If the aortic commissure has not yet been marked, it may be done at this point, using the same method as would be used prior to bypass; however, there is a third opportunity for this still later in the procedure. Coronary arteries are examined closely, and the ostia and proximal arterial course are identified, as are any infundibular branches, if they exist. The coronary ostia and a large "button" of surrounding aortic wall are then excised from the aorta, well into the sinus of Valsalva ; and the proximal sections of the coronary arteries are separated from the surface of the heart, which prevents tension or distortion after anastomosis to the neo-aorta.
Infundibular branches are sometimes unable to be spared, but this is a very rare occurrence. If the aortic commissure has not previously been marked, the excised coronary arteries will be used to determine the implantation position of the aorta.
The aorta is then transplanted onto the pulmonary root, using either absorbable or permanent continuous suture. The aortic clamp is temporarily removed while small sections of the neo-aorta are cut away to accommodate the coronary ostia, and a continuous absorbable suture is then used to anastomose each coronary "button" into the prepared space. In most cases, the coronary implantation sites will be at left and right anterior positions at the base of the neo-aorta; however, if the circumflex coronary artery branches from the right coronary artery , the circumflex coronary artery will be distorted if the pair are not implanted higher than normal on the neo-aorta, and in some cases they may need to be implanted above the aortic commissure, on the native aorta itself.
Stage 1: Norwood procedure
The circumflex coronary artery may originate from the same coronary sinus as, rather than directly from, the right coronary artery, in which case they may still be excised on the same "button" and transplanted similarly to if they had a shared ostium, unless one or both have intramural communication with another coronary vessel.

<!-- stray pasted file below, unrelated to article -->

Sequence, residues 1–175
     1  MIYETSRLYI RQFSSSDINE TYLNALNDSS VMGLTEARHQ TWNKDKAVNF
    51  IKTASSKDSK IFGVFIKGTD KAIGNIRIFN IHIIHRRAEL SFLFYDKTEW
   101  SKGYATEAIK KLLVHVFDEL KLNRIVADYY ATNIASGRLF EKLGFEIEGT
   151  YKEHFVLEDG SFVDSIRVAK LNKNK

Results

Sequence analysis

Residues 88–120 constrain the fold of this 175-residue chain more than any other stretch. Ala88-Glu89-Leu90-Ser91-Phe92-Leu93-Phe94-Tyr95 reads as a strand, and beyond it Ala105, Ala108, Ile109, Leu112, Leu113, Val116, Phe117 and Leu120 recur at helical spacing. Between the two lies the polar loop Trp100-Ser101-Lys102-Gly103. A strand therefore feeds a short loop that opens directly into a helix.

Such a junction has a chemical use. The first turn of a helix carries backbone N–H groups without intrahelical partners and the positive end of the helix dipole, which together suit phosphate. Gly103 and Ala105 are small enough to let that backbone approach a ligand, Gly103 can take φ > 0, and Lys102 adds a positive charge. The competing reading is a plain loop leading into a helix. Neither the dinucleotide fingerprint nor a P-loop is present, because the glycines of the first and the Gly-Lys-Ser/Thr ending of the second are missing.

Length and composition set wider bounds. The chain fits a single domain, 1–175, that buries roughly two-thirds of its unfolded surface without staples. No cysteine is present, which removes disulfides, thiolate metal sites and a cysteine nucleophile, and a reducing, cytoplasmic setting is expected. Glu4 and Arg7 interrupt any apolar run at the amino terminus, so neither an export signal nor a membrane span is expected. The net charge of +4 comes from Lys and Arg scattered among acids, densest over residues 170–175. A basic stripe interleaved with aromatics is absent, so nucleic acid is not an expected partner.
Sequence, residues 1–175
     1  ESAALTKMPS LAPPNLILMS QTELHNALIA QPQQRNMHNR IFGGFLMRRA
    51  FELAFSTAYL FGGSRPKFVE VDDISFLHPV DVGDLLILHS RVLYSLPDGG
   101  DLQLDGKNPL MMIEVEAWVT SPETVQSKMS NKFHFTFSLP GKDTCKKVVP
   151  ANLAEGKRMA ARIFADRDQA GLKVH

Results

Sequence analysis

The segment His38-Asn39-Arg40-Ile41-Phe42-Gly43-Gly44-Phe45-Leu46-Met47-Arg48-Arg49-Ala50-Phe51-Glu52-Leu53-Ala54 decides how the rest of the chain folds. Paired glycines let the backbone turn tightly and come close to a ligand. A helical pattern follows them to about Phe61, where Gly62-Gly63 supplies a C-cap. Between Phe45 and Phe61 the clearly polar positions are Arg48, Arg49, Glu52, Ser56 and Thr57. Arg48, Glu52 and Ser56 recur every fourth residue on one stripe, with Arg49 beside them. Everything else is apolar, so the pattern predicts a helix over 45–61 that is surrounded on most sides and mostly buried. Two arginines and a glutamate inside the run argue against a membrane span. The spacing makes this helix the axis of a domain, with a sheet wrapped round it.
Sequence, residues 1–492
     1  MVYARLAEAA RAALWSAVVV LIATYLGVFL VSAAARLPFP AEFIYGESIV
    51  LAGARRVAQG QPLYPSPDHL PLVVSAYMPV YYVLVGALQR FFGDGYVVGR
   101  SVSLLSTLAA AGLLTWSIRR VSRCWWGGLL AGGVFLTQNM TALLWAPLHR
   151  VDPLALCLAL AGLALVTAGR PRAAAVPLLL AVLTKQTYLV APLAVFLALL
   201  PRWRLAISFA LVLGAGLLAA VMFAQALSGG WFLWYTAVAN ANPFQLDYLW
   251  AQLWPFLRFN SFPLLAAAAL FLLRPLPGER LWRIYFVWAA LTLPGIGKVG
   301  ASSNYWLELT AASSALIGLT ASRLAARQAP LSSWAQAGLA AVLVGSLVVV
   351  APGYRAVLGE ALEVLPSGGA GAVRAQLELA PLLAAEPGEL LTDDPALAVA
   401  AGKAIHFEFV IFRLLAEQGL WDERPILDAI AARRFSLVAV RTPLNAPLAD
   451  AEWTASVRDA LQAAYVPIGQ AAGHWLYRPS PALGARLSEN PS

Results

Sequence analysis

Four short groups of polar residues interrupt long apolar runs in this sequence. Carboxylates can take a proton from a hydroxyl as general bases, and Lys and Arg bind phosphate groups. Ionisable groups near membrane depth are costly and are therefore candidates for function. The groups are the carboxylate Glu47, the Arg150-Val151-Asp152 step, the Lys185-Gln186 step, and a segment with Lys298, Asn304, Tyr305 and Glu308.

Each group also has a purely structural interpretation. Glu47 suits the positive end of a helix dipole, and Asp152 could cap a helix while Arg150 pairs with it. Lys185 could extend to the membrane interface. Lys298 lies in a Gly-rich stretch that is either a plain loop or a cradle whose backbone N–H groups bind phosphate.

Sometimes, one or more coronary ostia are located very close to the valvular opening and a small portion of the native aortic valve must be removed when the coronary artery is excised, which causes a generally mild, and usually well- tolerated , neo-pulmonary valve regurgitation. The HLM is turned off and the aortic and atrial cannula are removed, then an incision is made in the right atrium, through which the congenital or palliative atrial septal defect ASD is repaired; where a Rashkind balloon atrial septostomy was used, the ASD should be able to be closed with sutures, but cases involving large congenital ASDs or Blalock-Hanlon atrial septectomy , a pericardial, xenograft , or Dacron patch may be necessary.
If there is a VSD which has not yet been repaired, this is performed via the atrial incision and tricuspid valve , using sutures for a small defect or a patch for a large defect. When the septal defects have been repaired and the atrial incision is closed, the previously removed cannula are replaced and the HLM is restarted.
The left ventricle is then vented and the cross clamp removed from the aorta, enabling full-flow to be re-established and rewarming to begin; at this point the patient will receive an additional dose of Regitine to keep blood pressure under control.
The previously harvested pericardium is then used to patch the coronary explantation sites, and to extend - and widen, if necessary - the neo-pulmonary root, which allows the pulmonary artery to be anastamosed without residual tension; the pulmonary artery is then transplanted to the neo-pulmonary root. The patient is fitted with chest tubes , temporary pacemaker leads, and ventilated before weaning from the HLM is begun. The rib cage is relaxed and the external surgical wound is bandaged, but the sternum and chest incision are left open to provide extra room in the pleural cavity , allowing the heart room to swell and preventing pressure caused by pleural effusion.
The sternum and chest can usually be closed within a few days; however, the chest tubes, pacemaker, ventilator, and drugs may still be required after this time. The patient will continue to fast for up to a few days, and breastmilk or infant formula can then be gradually introduced via nasogastric tube NG tube ; the primary goal after a successful arterial switch, and before hospital discharge, is for the infant to gain back the weight they have lost and continue to gain weight at a normal or near-normal rate.
Scottish pathologist Matthew Baillie first described TGA in , presumably as a posthumous diagnosis. In , American surgeons Alfred Blalock and C. Rollins Hanlon introduced the Blalock-Hanlon atrial septectomy , which was then routinely used to palliate patients.